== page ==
2. if the transmission was by air contaminated with organic compounds as postulated by the miasma theory, all sorts of cleaning workers of London should be more affected by cholera than other people, which was not the case; and according to Dr Snow's own observations of the effects of ether and chloroform on patients during his numerous anesthesias, he knew that the more concentrated a gas, the more intense would be its effects (the so-called dose-effect relationship).
    So, Dr Snow postulated that the transmission could be by water and he moved on to test that hipothesis. Before the Broad Street outbreak of cholera he had tested it in a previous epidemic of cholera in London (in 1848-1849) by comparing the statistics of death with the supply of clean or poluted water from the Thames river. And this statistical correlation proved correct.
    So, when the Broad Street outbreak started, Dr Snow was aware that the likely source of contamination was the water of the pump. But it would be very difficult to prove it and persuade people.

    ...more info
  • A Solid History of Science Book
    This is the story of Dr. John Snow and the development of modern epidemiology and germ theory. As a history of science read, this book is very good. It has lots of drama and reads like a mystery. I did learn about Snows research into anesthesia, something I didn't know about. Most of the book centers around the cholera outbreak in London and Snow's work to counter the generally accepted miasma theory. This is a great book for young researchers to see how prevailing paradigms can be completely wrong, yet generally accepted and even unquestioned. ...more info
  • Good read
    My first introduction to John Snow and his work surrounding the cholera epidemic of the 1850's was during a microbiology class I took 5-6 years ago. John Snow is largely credited with the discovery of the causative nature of cholera and the resulting changes in civic sanitation and waste management. My appetite was only whetted then and wasn't fully satiated until after I read this intriguing account by Steven Johnson. More than just a telling of the events and resolution of the cholera epidemic of 1850's London, this book casts light on the political and social context of the times that made Mr. Snow's efforts even more noteworthy. Today we take for granted the germ theory of disease, but in Victorian London during the cholera outbreak of the 1850's the prevailing belief was that disease was caused by unhealthy air. Mr. Johnson's account of the obstacles faced by Mr. Snow in proving the true nature of the cholera's transmission is fascinating. This is a very good read for those interested in science and history. ...more info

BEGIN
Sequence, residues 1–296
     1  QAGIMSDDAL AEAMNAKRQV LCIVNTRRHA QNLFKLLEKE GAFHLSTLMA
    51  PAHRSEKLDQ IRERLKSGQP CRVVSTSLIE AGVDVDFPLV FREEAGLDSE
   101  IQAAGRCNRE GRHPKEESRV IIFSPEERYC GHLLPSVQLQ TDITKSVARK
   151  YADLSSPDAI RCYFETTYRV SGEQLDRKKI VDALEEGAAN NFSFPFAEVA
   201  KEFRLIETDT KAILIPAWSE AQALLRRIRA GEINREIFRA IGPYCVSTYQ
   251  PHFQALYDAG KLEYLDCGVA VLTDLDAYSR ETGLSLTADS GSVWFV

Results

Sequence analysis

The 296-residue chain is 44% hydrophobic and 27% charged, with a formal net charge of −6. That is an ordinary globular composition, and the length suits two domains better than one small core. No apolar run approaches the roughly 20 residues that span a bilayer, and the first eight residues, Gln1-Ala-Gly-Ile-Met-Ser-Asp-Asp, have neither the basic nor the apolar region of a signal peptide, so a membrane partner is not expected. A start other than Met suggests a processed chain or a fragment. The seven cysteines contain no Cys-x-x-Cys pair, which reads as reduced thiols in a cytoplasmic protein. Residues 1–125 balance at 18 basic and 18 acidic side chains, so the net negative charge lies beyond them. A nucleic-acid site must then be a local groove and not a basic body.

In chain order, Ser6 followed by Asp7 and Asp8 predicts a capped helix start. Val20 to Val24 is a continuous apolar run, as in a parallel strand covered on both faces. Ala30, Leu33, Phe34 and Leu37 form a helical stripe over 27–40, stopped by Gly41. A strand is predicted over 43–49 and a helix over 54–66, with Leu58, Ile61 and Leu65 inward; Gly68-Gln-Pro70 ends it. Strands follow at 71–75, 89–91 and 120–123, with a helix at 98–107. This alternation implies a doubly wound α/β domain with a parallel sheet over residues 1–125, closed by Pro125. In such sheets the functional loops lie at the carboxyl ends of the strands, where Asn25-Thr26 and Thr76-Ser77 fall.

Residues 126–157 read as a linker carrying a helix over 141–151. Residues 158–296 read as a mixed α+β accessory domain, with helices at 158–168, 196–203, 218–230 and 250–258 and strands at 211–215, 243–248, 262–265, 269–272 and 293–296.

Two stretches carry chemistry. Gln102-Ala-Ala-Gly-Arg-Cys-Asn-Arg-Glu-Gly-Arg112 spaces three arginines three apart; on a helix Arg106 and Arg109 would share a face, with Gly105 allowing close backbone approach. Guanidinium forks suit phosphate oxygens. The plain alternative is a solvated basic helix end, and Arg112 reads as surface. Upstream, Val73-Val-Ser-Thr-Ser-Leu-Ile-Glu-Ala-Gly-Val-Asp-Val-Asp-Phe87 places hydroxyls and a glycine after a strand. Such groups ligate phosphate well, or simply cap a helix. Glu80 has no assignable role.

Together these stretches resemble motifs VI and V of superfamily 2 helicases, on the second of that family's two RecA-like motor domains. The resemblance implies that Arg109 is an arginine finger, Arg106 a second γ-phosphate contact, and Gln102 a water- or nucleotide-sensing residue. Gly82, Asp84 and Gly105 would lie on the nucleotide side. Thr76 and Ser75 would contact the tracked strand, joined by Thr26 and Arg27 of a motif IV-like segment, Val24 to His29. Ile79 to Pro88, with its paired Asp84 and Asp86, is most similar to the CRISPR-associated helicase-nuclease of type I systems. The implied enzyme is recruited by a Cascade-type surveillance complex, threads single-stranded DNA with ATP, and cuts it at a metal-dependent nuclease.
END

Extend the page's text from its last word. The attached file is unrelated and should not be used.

• Absolutely riveting
    Once I started it, I couldn't put it down. This book immediately grabs you and dumps you into the wretchedness and filth that is London in 1854. Before this book, I couldn't have told you what cholera was or how it is prevented/cured, but now I can. My only complaint is that the photo/graphic of the actual ghost map is not featured very prominently. It would have been wonderful to have more and larger photos of the actual map to peruse. It's almost difficult to understand if the map shown is the actual ghost map. There's also a discussion about what the map orginally looked like and then the 2nd edition. Why couldn't they have put both of them in? ...more info
  • Lack of maps and diagrams diminishes the story
    I don't understand how an author or publisher can produce a book with "Map" in the title and provide only one so-so map in the work. How about maps that show the SoHo neighborhood as it relates to others and to central London? Why don't we see maps that show the water intakes and sewer outlets along the Thames? How about a diagram that shows a cross-sectional view of the basements, cesspools, drains, sewer lines, wells, etc? Unfortunately, the author leaves all this to our imagination or to another source. That approach--common these days across many authors and publishers--diminishes the story. An interesting story, but only three stars....more info
  • Interesting read - holds your attention
    The Ghost Map is basically a medical detective story. When cholera devastates a London neighborhood, a brilliant doctor and the local preacher team up to find out what caused the outbreak. They go door to door, interview hundreds of witnesses, and conduct lab tests. They sum up their findings with the ghost map - a detailed map of the neighborhood that clearly points to the cause of the outbreak. What they discover goes against strongly entrenched medical theories but in the end the medical detectives are proven right. It is because of their discoveries that cholera is virtually non-existent in the modern developed world. The story of The Ghost Map is an interesting and inspiring piece of history. ...more info
  • Good book, but Kindle edition falls short
    This was the first book I purchased for my Kindle, based on a friend's recommendation (who had read the print version). I found it a very enjoyable read, and it will be especially appealing to those interested in epidemiology, statistical graphics, and medical history.

    However, if you care at all about annotations and such, I recommend you get it in print, not as a Kindle e-book. The book has very extensive notes at the end. I have to believe that these notes are numbered, and that there are superscripts in the main text of the printed version that reference these notes. However, in the Kindle edition, there are no links to these notes (even though such linking is possible), and there is no way to associate a given end note with a location in the text. I doubt that I would have interrupted my reading to follow many such notes, but I certainly would have done so a FEW times on topics of particular interest to me, and the inability to do so is a big loss.